Additional characters

Alan, Mr Curry and Lucille are standing in the Slab Room, there is a poster for the staff dance in the background. Alan is privileged, Mr Curry is strict and Lucille is confident.

Alan Downie

Alan is a newcomer to the slab room who is begrudged because of his social class.

He is preparing for university and will be working in the design room, not the slab room. His background and status means he quickly attains a position the Slab Boys must work their way up to.

Alan highlights the social differences between characters and the assumptions and prejudices around social class.

Alan is an educated and comparably privileged young man. This makes him the target of much of Phil's anger. However Alan himself has done nothing to bring on Phil's actions.

Many characters treat him with much more respect than they do for the Slab Boys. Jack Hogg shows him a degree of deference. Mr. Curry is impressed by Alan, and is keen to establish a bond with him.

Sadie is quick to comment on Alan's impeccable manners:

quote
See that? There’s a showing up for youse…there’s what you cry manners.

And it is clear from his kindness towards Hector and his diplomacy in dealing with Phil that he is a decent character

Phil sees none of this. Instead he focuses only on the signs of privilege - a higher wage, expensive belongings, such as his - much mocked - pen, his access to a luxurious car.

Willie Curry

The Slab Boy’s boss and a former military man, Curry consistently demands a higher work ethic from them. While they are young and rebellious, Curry is middle-aged, middle-class and very traditional.

While the Slab Boys dream of a better future, Curry looks to the past and his military service. He is keen to inform everyone of his heroic feats during the war and uses them as a way to compare the Slab Boys unfavourably with his own generation:

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I often wonder how a pair of greasy-quiffed nancy boys like you would’ve fared in the tropics.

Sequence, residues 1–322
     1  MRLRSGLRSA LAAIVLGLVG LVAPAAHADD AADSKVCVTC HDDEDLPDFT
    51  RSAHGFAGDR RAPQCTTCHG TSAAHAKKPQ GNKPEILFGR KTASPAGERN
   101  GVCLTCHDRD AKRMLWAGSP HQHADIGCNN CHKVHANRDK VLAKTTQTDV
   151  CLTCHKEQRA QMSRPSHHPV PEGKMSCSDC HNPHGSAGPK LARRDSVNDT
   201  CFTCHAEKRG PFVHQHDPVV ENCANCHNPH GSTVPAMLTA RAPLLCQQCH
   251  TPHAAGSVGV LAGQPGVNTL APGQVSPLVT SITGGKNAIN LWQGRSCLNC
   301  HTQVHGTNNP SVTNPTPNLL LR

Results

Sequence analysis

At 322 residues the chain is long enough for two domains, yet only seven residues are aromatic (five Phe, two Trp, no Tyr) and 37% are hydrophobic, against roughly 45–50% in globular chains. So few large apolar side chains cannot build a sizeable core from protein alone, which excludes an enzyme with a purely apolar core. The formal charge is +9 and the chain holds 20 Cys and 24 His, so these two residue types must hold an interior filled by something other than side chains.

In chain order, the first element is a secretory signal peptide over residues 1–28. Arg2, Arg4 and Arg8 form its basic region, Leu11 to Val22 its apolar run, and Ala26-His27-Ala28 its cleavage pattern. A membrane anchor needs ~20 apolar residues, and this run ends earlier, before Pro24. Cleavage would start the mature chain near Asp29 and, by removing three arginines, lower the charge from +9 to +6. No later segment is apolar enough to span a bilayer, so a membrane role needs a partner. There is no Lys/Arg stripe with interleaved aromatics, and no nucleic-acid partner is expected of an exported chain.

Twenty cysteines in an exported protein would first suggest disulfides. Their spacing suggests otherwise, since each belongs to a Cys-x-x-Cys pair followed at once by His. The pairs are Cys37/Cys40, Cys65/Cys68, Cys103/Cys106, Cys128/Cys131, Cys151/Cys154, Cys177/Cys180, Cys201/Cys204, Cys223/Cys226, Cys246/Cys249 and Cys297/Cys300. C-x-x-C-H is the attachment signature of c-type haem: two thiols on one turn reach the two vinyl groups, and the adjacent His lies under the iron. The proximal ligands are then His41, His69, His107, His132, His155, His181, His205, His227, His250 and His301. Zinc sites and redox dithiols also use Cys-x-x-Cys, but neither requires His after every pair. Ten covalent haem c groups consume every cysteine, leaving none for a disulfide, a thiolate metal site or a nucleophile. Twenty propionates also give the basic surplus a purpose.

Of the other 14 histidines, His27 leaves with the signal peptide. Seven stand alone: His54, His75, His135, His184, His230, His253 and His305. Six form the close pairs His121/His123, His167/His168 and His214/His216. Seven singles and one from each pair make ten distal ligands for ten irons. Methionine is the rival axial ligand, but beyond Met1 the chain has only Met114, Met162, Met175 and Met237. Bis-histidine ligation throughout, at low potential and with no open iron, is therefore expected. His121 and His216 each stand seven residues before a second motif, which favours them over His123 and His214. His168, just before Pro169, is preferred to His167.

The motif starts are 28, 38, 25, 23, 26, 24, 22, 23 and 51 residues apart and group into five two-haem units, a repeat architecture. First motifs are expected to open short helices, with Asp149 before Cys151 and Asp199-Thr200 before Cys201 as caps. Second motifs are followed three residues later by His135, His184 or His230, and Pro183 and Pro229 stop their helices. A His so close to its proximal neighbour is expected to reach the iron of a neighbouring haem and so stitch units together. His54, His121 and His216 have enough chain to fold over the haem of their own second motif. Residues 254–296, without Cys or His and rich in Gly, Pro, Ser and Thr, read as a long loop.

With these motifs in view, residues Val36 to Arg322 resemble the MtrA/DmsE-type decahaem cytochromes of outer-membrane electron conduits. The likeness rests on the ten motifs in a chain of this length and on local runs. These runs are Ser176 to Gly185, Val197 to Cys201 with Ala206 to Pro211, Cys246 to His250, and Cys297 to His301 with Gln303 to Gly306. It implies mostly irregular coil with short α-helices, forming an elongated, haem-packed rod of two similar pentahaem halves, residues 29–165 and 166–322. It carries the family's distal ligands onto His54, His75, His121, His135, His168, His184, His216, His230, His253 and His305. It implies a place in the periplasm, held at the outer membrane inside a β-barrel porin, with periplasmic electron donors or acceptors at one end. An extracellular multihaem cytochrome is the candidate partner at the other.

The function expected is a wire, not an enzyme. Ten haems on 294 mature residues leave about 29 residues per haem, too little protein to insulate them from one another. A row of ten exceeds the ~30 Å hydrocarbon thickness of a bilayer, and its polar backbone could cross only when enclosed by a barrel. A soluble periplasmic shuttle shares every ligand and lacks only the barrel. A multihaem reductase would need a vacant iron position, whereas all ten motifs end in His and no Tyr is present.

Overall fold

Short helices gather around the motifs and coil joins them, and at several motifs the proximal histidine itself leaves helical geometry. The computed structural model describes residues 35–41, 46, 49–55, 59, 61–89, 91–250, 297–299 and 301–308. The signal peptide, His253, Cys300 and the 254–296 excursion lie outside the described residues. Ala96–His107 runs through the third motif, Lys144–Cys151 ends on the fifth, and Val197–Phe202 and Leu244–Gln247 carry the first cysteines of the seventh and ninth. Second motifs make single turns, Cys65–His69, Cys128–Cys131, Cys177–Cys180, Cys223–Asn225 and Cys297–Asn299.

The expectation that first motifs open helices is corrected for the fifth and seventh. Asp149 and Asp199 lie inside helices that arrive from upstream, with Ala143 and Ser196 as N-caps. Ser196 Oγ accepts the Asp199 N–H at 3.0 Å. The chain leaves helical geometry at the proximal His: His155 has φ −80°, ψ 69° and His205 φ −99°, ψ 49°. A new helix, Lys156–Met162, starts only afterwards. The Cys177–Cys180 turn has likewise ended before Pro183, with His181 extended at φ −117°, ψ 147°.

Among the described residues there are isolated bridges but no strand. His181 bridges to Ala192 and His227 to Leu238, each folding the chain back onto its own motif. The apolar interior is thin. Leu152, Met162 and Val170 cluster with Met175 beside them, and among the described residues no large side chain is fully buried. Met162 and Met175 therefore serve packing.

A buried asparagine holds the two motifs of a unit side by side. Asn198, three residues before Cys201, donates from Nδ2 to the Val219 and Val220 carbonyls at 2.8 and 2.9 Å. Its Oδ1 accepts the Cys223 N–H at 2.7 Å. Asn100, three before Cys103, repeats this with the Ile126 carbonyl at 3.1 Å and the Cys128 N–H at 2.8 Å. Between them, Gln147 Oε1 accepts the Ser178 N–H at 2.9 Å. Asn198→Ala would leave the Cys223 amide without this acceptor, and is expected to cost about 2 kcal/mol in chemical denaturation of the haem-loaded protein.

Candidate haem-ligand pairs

Mr Curry is the figure of authority in the Slab Room and does not let the Slab Boys forget it.

Curry is driven by discipline and conformity – making him a prime target for Phil’s rebellious attitude. He is appalled by the work ethic of the Slab Boys and struggles to identify with their culture or humour on any level, regularly reminding them that:

quote
...things were a damn sight different in my day.

The difference between Curry and the boys is a clear reflection of the generation gap.

Curry is keen to assert his position in the higher ranks of society and shows a conventional respect to those of higher social status. As a result he fawns over Alan.

But despite sticking to his formal role as boss, Curry is a kind man; he is sympathetic, not judgmental, with regards to Phil's mother, and despite Phil's distinct lack of work ethic, Curry fights (unsuccessfully) for him to keep his job.

Jack Hogg

A designer (and former slab room worker) who looks down on the Slab Boys, believing them to be idle and demotivated. His acne makes him an easy target for Phil and Spanky’s taunting.

Jack's success at working his way up to designer suggests he should be an ideal role model for the Slab Boys. Instead, he is continually teased about his bad skin (pimple chops) and disrespected by the Slab Boys, particularly Phil.

His success is a reflection of his willingness to conform and follow company orders. This leads to confrontation with the ever rebellious, Phil.

Jack is a grounded character who appears to be impervious to Phil’s jibes, and - secure in his own beliefs.